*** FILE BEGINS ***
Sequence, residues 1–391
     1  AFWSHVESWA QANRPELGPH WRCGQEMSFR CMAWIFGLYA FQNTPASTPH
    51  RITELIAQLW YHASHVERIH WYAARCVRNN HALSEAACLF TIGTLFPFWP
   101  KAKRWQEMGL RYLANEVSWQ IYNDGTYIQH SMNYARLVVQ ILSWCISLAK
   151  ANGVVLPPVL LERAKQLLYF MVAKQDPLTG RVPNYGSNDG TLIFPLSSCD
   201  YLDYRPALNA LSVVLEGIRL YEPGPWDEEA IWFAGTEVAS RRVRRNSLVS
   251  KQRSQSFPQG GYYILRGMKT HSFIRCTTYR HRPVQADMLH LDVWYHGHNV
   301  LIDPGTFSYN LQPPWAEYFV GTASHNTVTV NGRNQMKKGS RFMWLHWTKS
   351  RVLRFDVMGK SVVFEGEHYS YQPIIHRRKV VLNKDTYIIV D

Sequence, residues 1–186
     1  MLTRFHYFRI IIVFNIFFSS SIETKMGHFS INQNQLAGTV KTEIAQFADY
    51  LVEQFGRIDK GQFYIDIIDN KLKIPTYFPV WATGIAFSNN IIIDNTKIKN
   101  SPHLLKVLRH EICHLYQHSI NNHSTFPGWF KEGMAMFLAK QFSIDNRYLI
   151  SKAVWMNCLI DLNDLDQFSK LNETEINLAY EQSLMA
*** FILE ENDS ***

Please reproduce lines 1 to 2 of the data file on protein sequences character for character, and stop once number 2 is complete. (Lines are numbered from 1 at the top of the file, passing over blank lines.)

Sequence, residues 1–391
     1  AFWSHVESWA QANRPELGPH WRCGQEMSFR CMAWIFGLYA FQNTPASTPH